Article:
in American Journal of Veterinary Research


Objective—To assess the safety of endoscopic retrograde pancreatography (ERP) in dogs by performing repeated clinical examinations and laboratory analyses of serum amylase, lipase, canine trypsin-like immunoreactivity (cTLI), and canine pancreatic elastase 1 (cE1) after the procedure.

Animals—7 healthy Beagles.

Procedure—Clinical examinations were performed and blood samples obtained for serum enzyme determinations before and at intervals (10 minutes; 2, 4, and 6 hours; and 1, 2, and 3 days) after ERP.

Results—Repeated clinical examinations revealed no signs of ERP-induced complications in the 7 dogs. Results of repeated laboratory tests indicated a transient increase in serum values of amylase, lipase, and cTLI but not cE1. Mean ± SD lipase activity increased from 120.7 ± 116.4 U/L to 423.4 ± 243.1 U/L at 4 hours after ERP. Median serum cTLI concentration increased from 16.2 µg/L (range, 7.7 to 26.5 µg/L) to 34.9 µg/L (range, 16.6 to 68.3 µg/L) 10 minutes after ERP. Enzyme values returned to baseline levels at the latest on day 2 in 6 of 7 dogs. Highest values for serum amylase, lipase, and cTLI and their delayed return to baseline values were detected in 1 dog with contrast filling of the pancreatic parenchyma.

Conclusions and Clinical Relevance—Results indicated that ERP appears to be a safe imaging technique of pancreatic ducts in healthy dogs, although it induced a transient increase in serum values of pancreatic enzymes. In dogs, repeated clinical examinations and serum enzyme determinations can be used to monitor ERP-induced complications such as acute pancreatitis. ( Am J Vet Res 2004;65:616–619)

Full access
in American Journal of Veterinary Research


Objective—To provide values for gastrointestinal permeability and absorptive function tests (GIPFTs) with chromium 51 (51Cr)-labeled EDTA, lactulose, rhamnose, d-xylose, 3-O-methyl-d-glucose, and sucrose in Beagles and to evaluate potential correlations between markers.

Animals—19 healthy adult male Beagles.

Procedures—A test solution containing 3.7 MBq of 51Cr-labeled EDTA, 2 g of lactulose, 2 g of rhamnose, 2 g of d-xylose, 1 g of 3-O-methyl-d-glucose, and 8 g of sucrose was administered intragastrically to each dog. Urinary recovery of each probe was determined 6 hours after administration.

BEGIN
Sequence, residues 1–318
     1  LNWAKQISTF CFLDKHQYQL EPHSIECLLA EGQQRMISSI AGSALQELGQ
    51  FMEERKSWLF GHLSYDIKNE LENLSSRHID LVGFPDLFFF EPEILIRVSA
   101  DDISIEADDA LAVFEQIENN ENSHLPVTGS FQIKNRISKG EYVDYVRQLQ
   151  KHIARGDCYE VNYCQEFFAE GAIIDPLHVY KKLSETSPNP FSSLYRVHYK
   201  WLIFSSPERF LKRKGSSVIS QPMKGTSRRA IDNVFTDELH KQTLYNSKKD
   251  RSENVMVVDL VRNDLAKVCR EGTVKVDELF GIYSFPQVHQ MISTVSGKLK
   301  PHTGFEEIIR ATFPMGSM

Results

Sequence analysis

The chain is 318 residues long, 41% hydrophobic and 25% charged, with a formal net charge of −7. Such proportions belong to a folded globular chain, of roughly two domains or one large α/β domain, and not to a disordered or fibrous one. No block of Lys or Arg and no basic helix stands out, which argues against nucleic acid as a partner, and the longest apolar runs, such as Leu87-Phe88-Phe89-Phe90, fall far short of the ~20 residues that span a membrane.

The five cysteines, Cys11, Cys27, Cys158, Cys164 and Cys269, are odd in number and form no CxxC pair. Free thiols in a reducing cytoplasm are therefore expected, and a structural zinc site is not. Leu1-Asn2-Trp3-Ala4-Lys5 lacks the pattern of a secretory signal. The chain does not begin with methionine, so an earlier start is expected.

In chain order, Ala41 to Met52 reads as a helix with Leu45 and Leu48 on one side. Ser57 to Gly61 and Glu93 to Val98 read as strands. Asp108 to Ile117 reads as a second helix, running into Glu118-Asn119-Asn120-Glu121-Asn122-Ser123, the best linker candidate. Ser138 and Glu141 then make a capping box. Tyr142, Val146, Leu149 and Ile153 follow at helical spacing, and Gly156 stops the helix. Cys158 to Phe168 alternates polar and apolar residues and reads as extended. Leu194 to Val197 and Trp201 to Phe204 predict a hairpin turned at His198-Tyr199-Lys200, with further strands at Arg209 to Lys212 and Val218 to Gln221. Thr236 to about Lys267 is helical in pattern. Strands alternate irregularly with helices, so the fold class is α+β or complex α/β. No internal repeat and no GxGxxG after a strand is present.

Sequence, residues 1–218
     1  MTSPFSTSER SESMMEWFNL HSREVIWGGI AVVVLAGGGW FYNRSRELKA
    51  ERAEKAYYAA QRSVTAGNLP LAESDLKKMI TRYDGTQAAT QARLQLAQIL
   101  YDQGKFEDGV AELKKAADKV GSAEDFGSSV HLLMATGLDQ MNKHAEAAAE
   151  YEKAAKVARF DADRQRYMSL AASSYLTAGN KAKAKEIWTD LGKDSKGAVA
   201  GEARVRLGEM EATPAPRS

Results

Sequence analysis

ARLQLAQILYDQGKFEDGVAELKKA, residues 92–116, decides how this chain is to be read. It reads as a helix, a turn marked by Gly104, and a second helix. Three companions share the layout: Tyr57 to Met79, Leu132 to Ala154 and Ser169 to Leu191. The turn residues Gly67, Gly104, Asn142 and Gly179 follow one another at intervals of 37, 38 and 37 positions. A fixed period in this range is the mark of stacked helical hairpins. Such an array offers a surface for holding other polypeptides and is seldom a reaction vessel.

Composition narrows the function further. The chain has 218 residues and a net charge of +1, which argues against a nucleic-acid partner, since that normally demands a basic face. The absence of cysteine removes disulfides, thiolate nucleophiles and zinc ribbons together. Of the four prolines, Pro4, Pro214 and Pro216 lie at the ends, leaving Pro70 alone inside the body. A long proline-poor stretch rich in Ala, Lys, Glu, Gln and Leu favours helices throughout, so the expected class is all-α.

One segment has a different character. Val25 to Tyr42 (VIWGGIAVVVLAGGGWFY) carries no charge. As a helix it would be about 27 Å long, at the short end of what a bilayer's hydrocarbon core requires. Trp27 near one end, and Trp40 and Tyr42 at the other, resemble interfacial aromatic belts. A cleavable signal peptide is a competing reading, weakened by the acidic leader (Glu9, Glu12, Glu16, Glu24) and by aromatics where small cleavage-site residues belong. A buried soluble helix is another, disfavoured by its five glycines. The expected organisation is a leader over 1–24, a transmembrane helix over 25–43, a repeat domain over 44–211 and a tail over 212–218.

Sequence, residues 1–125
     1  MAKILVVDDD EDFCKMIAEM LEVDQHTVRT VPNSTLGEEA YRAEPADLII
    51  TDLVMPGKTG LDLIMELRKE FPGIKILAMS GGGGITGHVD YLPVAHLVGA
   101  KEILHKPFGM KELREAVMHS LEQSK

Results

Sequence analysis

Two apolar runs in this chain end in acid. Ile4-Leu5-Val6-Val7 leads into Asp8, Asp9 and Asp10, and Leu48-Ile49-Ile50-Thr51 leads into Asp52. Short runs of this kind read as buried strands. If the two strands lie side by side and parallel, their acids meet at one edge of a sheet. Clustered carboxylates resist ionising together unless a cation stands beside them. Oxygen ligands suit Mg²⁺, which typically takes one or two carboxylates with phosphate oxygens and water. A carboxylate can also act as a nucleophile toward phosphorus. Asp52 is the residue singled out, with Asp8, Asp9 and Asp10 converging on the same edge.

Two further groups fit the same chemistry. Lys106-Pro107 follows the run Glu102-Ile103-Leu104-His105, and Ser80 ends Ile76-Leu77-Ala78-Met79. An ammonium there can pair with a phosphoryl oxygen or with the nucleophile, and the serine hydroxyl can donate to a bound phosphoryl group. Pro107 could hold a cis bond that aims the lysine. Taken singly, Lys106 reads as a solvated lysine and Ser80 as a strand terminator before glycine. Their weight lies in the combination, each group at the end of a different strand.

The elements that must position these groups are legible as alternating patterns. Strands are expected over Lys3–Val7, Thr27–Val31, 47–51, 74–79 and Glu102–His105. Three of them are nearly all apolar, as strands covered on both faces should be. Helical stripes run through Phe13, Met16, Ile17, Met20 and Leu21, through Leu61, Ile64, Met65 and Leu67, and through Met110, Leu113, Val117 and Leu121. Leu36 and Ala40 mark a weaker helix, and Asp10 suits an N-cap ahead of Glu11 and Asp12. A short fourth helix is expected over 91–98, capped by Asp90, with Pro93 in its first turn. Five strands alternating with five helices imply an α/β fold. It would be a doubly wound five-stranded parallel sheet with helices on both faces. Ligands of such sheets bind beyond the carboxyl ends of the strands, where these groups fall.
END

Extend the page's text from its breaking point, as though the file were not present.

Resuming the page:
Results—Mean ± SD (range) percentage urinary recovery was 6.3 ± 1.6% (4.3% to 9.7%) for 51Cr-labeled EDTA, 3.3 ± 1.1% (1.7% to 5.3%) for lactulose, 25.5 ± 5.0% (16.7% to 36.9%) for rhamnose, and 58.8% ± 11.0% (40.1% to 87.8%) for 3-O-methyl-d-glucose. Mean (range) recovery ratio was 0.25 ± 0.06 (0.17 to 0.37) for 51Cr-labeled EDTA to rhamnose, 0.13 ± 0.04 (0.08 to 0.23) for lactulose to rhamnose, and 0.73 ± 0.09 (0.60 to 0.90) for d-xylose to 3-O-methyl-d-glucose. Median (range) percentage urinary recovery was 40.3% (31.6% to 62.7%) for d-xylose and 0% (0% to 0.8%) for sucrose.

Conclusions and Clinical Relevance—Reference values in healthy adult male Beagles for 6 of the most commonly used GIPFT markers were determined. The correlation between results for 51Cr-labeled EDTA and lactulose was not as prominent as that reported for humans and cats; thus, investigators should be cautious in the use and interpretation of GIPFTs performed with sugar probes in dogs with suspected intestinal dysbiosis.

Full access
in American Journal of Veterinary Research


Objective—To evaluate early indicators of renal tissue destruction and changes in urinary enzyme activities in sheep during the first hours after acute kidney injury induced by administration of an overdose of an NSAID.

Animals—12 adult female sheep.

Procedures—Acute kidney injury was induced in 6 sheep by administration of ketoprofen (30 mg/kg, IV) and detected by evaluation of urinary protein concentration, iohexol clearance, and results of histologic examination. Six sheep served as control animals. Blood and urine samples were collected for up to 24 hours after administration of ketoprofen. Plasma concentrations of urea, creatinine, albumin, and total protein; plasma activities of alkaline phosphatase, acid phosphatase, γ-glutamyl transpeptidase (GGT), matrix metalloproteinase (MMP)-2, and MMP-9; and urinary creatinine and protein concentrations, specific gravity, and activities of alkaline phosphatase, acid phosphatase, GGT lactate dehydrogenase, N-acetyl-β-D-glucosaminidase (NAG), MMP-2, and MMP-9 were measured. Urinary protein concentration and enzyme activities were normalized on the basis of urinary creatinine concentrations and reported as ratios.

Results—Many urinary enzyme-to-creatinine ratios increased before the plasma creatinine concentration exceeded the reference value. Urine NAG, lactate dehydrogenase, and acid phosphatase activities were increased beginning at 2 hours after ketoprofen administration, and alkaline phosphatase, GGT, and MMP-2 activities were increased beginning at 4 hours after ketoprofen administration. Most peak urinary enzyme-to-creatinine ratios were detected earlier than were the highest plasma creatinine and urea concentrations.

Conclusions and Clinical Relevance—Urinary enzyme activities were sensitive early indicators of acute kidney injury induced by an overdose of an NSAID in sheep. (Am J Vet Res 2010;71:1246–1252)

Full access
in American Journal of Veterinary Research